And the running jokes just kept on coming. Early in the game, the Court’s first baseman called time and yelled, “Hey Eddie!”
Feigner shouted back, “What?”
The first baseman yelled, “One of their outfielder’s wife said you can’t hit the broad side of a barn.”
Eddie shouted, “Oh yeah? Is she here?”
The first baseman pointed to the stands and shouted, “Yeah! She’s sitting in the stands behind home plate. And his girlfriend is over there by the dugout!”
“Geez, it really was an honor to ump in that game,” Cyran recalled. “The late Bruce Berry was terrific behind the plate. I remember when one guy came up to bat for the local team. Eddie fired in two strikes that the batter missed by a yard. Then Eddie wound up and blazed in another one. It made a loud sound in the catcher’s mitt and Bruce yelled, ‘strike three,’ the batter walked back to the dugout in total shock. Then Eddie turned to the crowd and showed the ball. He never actually pitched it; the crowd went bananas. The batter ran back to Bruce and yelled, ‘Are you sure that was a strike? I never even saw it,’ Berry said, ‘Neither did I, but it sounded like a strike.’”
What a fun night at Iverson. And perhaps the happiest guy in the crowded ballpark was Scottie Krueger, a local radio legend.
Scottie explained: “I came to bat and actually hit a double. Lined one right down the left field foul line! It was the highlight of my career, and the crowd exploded.”
Krueger also made a terrific play at second base when he speared a wicked one-hopper and threw the dude out at first.
“He wasn’t too happy about it,” Krueger added.
As mentioned earlier, the King and his Court brought their talents to many ball diamonds.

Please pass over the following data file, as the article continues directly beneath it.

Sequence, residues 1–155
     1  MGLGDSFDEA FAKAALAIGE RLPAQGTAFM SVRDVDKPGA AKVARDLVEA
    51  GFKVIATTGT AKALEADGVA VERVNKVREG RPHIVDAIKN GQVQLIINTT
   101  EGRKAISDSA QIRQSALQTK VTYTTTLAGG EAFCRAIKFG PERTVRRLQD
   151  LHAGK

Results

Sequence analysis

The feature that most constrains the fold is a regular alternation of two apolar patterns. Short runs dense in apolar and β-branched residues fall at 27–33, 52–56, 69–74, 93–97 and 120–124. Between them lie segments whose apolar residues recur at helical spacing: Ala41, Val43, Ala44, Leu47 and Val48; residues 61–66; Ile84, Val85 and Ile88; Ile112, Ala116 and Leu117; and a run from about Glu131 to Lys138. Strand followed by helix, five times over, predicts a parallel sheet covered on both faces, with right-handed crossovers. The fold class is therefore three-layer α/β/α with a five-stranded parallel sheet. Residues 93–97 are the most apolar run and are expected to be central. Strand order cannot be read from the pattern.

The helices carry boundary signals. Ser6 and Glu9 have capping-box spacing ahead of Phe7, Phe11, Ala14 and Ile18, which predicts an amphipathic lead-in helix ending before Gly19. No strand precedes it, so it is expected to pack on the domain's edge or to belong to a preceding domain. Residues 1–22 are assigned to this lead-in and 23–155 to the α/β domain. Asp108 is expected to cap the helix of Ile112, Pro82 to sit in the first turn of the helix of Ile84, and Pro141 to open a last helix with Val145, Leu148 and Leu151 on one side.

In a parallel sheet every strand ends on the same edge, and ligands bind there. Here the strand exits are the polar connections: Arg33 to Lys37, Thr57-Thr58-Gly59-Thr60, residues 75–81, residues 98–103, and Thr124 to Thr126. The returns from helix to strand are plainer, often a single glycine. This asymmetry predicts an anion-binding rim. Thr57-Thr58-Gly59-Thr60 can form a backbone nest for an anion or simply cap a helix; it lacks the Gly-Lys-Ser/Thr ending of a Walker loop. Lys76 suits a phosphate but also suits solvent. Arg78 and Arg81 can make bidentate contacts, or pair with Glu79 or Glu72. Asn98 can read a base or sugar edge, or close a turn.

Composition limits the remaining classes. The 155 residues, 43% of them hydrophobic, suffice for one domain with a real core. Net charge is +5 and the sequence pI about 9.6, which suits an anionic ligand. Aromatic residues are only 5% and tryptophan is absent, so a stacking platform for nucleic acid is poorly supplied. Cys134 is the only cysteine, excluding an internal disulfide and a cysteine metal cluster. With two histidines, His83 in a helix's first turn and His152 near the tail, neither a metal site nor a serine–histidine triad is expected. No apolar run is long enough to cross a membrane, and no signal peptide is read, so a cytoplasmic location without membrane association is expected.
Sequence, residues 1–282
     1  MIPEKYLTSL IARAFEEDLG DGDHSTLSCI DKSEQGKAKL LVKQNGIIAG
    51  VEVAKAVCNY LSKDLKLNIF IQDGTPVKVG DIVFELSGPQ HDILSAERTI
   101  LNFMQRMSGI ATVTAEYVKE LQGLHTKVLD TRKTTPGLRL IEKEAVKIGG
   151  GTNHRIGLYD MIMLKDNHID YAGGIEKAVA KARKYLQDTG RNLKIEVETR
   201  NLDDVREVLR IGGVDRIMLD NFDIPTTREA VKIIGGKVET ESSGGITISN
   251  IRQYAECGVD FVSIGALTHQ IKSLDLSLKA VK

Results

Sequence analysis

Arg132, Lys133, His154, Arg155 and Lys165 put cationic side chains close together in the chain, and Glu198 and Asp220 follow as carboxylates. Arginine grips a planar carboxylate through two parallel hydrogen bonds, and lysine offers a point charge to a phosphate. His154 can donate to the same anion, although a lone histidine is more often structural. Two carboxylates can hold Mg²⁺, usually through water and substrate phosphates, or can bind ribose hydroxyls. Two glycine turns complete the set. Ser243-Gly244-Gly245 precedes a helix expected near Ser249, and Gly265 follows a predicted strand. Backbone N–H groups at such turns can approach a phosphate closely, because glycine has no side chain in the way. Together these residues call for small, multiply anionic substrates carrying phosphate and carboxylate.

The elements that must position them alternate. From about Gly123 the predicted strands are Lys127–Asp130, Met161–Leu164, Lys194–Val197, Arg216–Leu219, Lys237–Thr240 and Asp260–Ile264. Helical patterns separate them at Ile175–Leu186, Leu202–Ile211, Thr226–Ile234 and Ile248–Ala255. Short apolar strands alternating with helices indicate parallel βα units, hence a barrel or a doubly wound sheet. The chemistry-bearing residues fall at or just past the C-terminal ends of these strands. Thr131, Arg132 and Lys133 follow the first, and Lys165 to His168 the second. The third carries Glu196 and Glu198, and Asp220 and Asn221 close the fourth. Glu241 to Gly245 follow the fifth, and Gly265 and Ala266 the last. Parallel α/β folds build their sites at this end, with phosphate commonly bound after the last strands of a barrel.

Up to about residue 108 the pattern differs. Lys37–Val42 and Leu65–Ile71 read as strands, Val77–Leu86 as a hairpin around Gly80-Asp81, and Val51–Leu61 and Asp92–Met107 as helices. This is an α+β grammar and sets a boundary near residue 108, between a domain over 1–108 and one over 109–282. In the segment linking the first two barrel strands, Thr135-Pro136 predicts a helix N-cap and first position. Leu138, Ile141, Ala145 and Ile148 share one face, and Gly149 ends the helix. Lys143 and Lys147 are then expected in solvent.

Mike Fink said he saw them play in Oklahoma. “They were awesome,” he declared.
Stevens Point’s Pat O’Donnell, a member of the Moore Barn “Wall of Fame”, said he struck out against Eddie in Iron Mountain, Mich.
“He was pitching from second base,” O’Donnell said.
Krueger was reminded that he hit his double off of the 63-year-old Feigner who also pitched the ball from second base.
“Doesn’t matter.,” Krueger said. “Hardly anyone else even hit the ball.”
Jack Ellenz doesn’t remember the exact year, but he said he also saw the King and his Court play against some top area players in Junction City.
Ellenz said, “Man, that Junction City team was loaded with talent. They gave Eddie a good run for their money.”
“Our Junction guys were absolutely honored to play against the King,” Diane Strojny recalled. “I know that we had Nate Carpenter at pitcher, Mike Brillowski at catcher, Babe Sroda was at first, Rich Strojny was at third, and Tony Hirzy was the shortstop. We only lost 6-5.” (For the record, those guys were all area softball legends in their own right back in the day.)
Rick “Keebler” Hughes noted that he was the batboy for the Junction City game.
“It was something I’ll never forget,” he said. “The autographed game ball they gave me is something I’ll cherish forever.”
It’s doubtful that anyone who was in the crowd or on the field for those charity games at Iverson Park and Junction City will ever forget the time when Eddie Feigner and the boys came to play. A splash of local history that is gone forever.